My problem with grading ultimately is not the time-consuming process of reading and commenting on essays. That, after all, is one of the best ways I get to learn, and learning is the great boon of teaching for us all.  My problem is with the false implication that assigning a grade is the most accurate form of student assessment and evaluation. I agree with Alfie Kohn:
The best evidence we have of whether we are succeeding as educators comes from observing students’ behavior rather than from test scores or grades. It comes from watching to see whether they continue arguing animatedly about an issue raised in class after the class is over, whether they come home chattering about something they discovered in school, whether they read on their own time. Where interest is sparked, skills are usually acquired. Of course, interest is difficult to quantify, but the solution is not to return to more conventional measuring methods; it is to acknowledge the limits of measurement.

Anyway, back to it. Wendell Berry’s work poem this morning is on point.

Whatever is foreseen in joy

Must be lived out from day to day.
Vision held open in the dark
By our ten thousand days of work.
Harvest will fill the barn; for that
The hand must ache, the face must sweat.

No, of course it’s not that hard. Grading isn’t farming. But it’s true, as in farming a good day’s grading has it’s moments of stress and strain. But overall, it elevates a teacher’s sense of mission. Spiritualizes it, even. It’s our version of bringing in the sheaves.

When we work well, a Sabbath mood

Rests on our day, and finds it good.

So, back to the field. The crop’s got to come in.

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Skimming gulls & counting words

December 6, 2013

Wednesday’s freakishly warm weather has given way to true December. Time again to borrow the wisdom of gulls.

Remember when old December’s darkness is everywhere about you, that the world is really in every minutest point as full of life as in the most joyous morning you ever lived through; that the sun is whanging down, and the waves dancing, and the gulls skimming down at the mouth of the Amazon, for instance, as freshly as in the first morning of creation; and the hour is just as fit as any hour that ever was for a new gospel of cheer to be preached. I am sure that one can, by merely thinking of these matters of fact, limit the power of one’s evil moods over one’s way of looking at the cosmos. -William James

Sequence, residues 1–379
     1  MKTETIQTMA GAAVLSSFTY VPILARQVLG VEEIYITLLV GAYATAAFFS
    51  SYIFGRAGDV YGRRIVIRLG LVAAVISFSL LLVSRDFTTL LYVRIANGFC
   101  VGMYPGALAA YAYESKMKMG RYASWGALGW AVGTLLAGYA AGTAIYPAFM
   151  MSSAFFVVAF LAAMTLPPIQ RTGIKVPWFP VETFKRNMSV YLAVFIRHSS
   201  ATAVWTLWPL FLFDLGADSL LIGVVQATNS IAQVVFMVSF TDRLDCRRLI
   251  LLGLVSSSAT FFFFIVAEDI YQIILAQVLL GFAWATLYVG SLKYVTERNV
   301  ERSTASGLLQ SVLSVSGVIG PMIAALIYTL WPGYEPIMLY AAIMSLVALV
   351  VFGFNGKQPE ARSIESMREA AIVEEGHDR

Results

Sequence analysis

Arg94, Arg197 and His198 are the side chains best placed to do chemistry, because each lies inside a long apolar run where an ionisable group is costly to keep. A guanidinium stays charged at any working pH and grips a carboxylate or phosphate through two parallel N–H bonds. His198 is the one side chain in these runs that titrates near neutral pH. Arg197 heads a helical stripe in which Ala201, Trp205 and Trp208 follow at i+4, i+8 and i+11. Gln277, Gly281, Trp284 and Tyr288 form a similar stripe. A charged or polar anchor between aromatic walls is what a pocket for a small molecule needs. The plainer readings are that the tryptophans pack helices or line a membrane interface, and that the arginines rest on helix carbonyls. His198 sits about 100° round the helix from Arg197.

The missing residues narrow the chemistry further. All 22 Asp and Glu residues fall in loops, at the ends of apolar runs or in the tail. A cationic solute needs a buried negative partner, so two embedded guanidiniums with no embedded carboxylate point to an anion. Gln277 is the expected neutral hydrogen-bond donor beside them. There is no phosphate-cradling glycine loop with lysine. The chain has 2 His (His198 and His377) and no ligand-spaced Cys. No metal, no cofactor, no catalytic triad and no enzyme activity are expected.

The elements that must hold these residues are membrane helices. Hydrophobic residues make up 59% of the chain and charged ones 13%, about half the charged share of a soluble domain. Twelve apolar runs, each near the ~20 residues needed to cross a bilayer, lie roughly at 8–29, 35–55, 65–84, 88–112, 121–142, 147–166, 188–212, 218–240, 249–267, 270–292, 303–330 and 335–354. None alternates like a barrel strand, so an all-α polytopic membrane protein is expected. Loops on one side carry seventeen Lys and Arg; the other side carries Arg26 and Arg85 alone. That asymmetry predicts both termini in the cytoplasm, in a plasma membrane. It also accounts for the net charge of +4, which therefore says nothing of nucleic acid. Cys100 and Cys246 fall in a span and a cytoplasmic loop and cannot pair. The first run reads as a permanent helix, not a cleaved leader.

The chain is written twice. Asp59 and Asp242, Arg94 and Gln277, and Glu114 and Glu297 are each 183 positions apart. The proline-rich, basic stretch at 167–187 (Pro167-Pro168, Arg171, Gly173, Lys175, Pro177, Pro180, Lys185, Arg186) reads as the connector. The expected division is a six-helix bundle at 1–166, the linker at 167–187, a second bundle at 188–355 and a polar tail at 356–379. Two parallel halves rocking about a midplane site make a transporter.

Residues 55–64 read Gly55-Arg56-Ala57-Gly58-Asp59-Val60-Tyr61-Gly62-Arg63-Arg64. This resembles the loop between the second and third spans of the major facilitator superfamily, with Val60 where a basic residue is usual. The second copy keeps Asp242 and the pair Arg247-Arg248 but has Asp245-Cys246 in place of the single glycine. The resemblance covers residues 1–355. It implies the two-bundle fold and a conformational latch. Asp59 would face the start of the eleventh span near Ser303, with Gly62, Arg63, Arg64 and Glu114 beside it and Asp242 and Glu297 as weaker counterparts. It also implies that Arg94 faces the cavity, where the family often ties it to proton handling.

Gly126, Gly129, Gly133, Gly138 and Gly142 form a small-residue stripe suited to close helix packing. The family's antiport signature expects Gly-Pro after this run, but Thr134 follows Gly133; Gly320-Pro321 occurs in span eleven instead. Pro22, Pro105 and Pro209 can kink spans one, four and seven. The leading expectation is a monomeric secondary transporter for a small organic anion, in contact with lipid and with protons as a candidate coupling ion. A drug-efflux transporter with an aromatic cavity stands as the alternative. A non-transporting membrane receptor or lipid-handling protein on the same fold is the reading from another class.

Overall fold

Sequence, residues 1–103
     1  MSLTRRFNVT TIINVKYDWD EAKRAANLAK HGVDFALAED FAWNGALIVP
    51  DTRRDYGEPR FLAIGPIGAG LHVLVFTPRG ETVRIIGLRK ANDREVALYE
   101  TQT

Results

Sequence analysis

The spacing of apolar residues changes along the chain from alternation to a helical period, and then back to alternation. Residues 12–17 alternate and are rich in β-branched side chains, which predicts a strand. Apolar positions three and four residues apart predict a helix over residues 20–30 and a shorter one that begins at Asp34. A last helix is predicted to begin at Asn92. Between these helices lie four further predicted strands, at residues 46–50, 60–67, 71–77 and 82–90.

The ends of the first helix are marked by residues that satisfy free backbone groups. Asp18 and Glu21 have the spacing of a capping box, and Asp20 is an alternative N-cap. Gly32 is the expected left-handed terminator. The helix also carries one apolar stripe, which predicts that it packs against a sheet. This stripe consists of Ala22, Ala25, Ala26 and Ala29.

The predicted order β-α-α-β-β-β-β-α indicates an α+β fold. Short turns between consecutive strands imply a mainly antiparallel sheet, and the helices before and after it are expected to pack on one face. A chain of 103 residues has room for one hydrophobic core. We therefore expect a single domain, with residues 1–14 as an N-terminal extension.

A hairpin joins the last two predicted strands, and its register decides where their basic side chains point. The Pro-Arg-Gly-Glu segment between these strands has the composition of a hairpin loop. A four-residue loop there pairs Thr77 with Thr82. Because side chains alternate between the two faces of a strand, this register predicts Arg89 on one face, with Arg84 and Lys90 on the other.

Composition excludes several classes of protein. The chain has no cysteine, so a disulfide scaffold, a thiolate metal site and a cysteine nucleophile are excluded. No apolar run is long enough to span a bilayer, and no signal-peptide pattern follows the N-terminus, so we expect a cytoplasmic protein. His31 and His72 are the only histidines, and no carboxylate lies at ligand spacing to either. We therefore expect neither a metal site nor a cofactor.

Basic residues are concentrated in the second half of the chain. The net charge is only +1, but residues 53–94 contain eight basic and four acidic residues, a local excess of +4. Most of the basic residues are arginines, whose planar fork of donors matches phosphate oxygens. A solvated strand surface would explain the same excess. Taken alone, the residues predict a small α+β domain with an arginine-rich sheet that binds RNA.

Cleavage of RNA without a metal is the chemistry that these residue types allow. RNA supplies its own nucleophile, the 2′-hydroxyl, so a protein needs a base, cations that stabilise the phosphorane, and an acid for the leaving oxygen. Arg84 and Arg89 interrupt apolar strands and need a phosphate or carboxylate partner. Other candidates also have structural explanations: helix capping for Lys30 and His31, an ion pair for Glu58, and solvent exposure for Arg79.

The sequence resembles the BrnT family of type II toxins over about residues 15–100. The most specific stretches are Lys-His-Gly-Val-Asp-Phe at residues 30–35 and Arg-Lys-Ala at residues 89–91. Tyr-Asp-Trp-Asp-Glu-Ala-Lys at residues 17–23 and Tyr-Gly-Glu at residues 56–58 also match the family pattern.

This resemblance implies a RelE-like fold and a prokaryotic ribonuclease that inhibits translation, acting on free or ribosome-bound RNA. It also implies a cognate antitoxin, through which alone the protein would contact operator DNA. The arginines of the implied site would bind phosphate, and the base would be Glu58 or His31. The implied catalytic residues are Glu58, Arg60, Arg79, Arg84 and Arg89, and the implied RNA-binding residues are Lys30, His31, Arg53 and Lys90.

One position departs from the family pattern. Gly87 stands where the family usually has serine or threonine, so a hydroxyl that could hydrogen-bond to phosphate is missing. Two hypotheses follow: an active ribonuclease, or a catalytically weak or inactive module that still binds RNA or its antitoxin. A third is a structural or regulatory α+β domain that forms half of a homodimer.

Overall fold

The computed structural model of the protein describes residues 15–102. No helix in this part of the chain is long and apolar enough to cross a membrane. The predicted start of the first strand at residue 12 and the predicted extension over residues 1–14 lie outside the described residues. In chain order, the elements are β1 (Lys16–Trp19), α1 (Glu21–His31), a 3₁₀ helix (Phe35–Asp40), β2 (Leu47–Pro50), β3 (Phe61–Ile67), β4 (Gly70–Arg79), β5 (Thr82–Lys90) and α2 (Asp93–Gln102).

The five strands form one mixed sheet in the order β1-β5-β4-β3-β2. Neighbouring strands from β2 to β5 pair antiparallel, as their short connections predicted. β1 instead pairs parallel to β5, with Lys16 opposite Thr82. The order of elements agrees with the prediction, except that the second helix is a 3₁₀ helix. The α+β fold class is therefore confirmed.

I’ve been enjoying TR’s “darkest journey” in The River of Doubt, a reality-check reminder that there’s menace lurking down at the mouth of the Amazon too. It’s not all skimming gulls. But that’s not the point here. Point is: take the damn weather with you.

Older Daughter’s neither a Gull (yet) nor an Anaconda, but a procrastinating Lynx. Her late-night tweets, entertaining though they were, remind me why I hate word counts and will never tell students precisely how long their essays should be.

It’s time for me to complain about the papers I’m writing through Twitter again. This first paper’s gotta be 1200 words. Let’s go.

WC:1159 I need 41 words. Can I just talk about how much writing this paper sucked for a bit and call it done?

 Remember that research paper rough draft? The final’s due at noon. WC: 1659/2500

 WC: 1659 I’ve been messing with the page numbers and bibliography for the past 45 minutes…

 WC: 1816 It’s a good thing I don’t have an exam tomorrow. Happy Friday all… Paper’s due in less than twelve hours.

WC: 1921 Roommate’s trying to go to sleep, but I’m just gonna sit here and type by the light of my desk lamp.  

WC: 2027 I’m thinking that I should have asked for a venti coffee rather than a grande. My eyelids are drooping. 11 hours til due.